This is going to make interpleaders and chancery settlements very difficult when minor children are involved. I represent businesses and it will be nearly impossible to identify which account an action pertains to if the identity of the individual cannot be ascertained from the pleadings. Looks like I’ll be making a lot more phone calls to the attorney who filed the action.
I think there will be lots more sealed files.
I think several of the districts are looking at some kind of blanket order or local rule that allows the information in custody cases citing the Section 9 B(4) section saying the information is necessary and relevant. One question I have also, is would this same requirement apply to the summons issued to a defendant? Guess we would just put the name now.
There are lots of questions unanswered at this point.
Any ideas about an appropriate manner to prepare a Judgment of Adoption, which necessarily must contain the full name of the child together with the entire date of birth?
Adoption files are sealed.
Do I understand it correctly that we aren’t supposed to state children’s names at all in pleadings? It seems that only the child’s initials would not be sufficient for many of the things custody orders are used for (I’m specifically thinking about school enrollment, but there are lots of applications.).
Also, what about addresses on summons and subpoenas? The process server or sheriff needs to know where they are supposed to serve the papers.
At what point are pleadings so generic that they could apply to anyone and not give the opposing party, or the Court, sufficient information?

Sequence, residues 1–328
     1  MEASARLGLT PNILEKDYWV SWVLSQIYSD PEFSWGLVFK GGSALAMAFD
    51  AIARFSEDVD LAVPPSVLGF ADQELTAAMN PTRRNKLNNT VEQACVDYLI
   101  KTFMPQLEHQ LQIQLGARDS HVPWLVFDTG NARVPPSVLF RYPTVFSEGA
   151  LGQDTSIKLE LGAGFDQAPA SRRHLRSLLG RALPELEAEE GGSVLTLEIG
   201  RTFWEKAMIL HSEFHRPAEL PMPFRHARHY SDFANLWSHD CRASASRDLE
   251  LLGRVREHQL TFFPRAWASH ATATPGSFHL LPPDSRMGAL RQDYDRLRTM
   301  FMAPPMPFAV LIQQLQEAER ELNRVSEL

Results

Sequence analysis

The only exception I know is that you can ask the court to seal certain documents, as well as an entire file.
It seems this may lead to potential malpractice for not requesting such files be sealed. I wonder if the Court would consider requiring all such files be sealed without specific request and ruling.
If we are to redact all sensitive information about children and financials, then how are we to discuss them during trial? I am not trying to be cheeky but, if we are to have open courtrooms for the public to attend, how are we to discuss financial matters and children without a protection afforded by the redaction process?
The rule refers to filings with the court, not trials. The goal is protection from hackers and the like.
Thank you. That explains a lot.
What about UCCJEA affidavits in custody proceedings which, in part, requires the names and addresses of children for five years?
I would identify city, county, and state only.
Thanks for posting this – I have been following you for the past two years and follow your post to the letter. In this post what I find interesting is the 8.05’s redact. That I did not know was public record and though, wrong, was sealed. From now on, I will redact.
Keep your wonderful, informative posts coming.
Your ever grateful reader, learner and follower.
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On Thu, Mar 3, 2016 at 5:02 AM, The Better Chancery Practice Blog wrote:
> Larry posted: “Back in April, 2015, the MSSC amended the MRCP to add a new > R5.1 imposing privacy protections for court filings in both paper- and > electronic-filing districts. Consternation among bar, bench, and clerkdom > ensued, and the high court suspended R5.1 pending ” >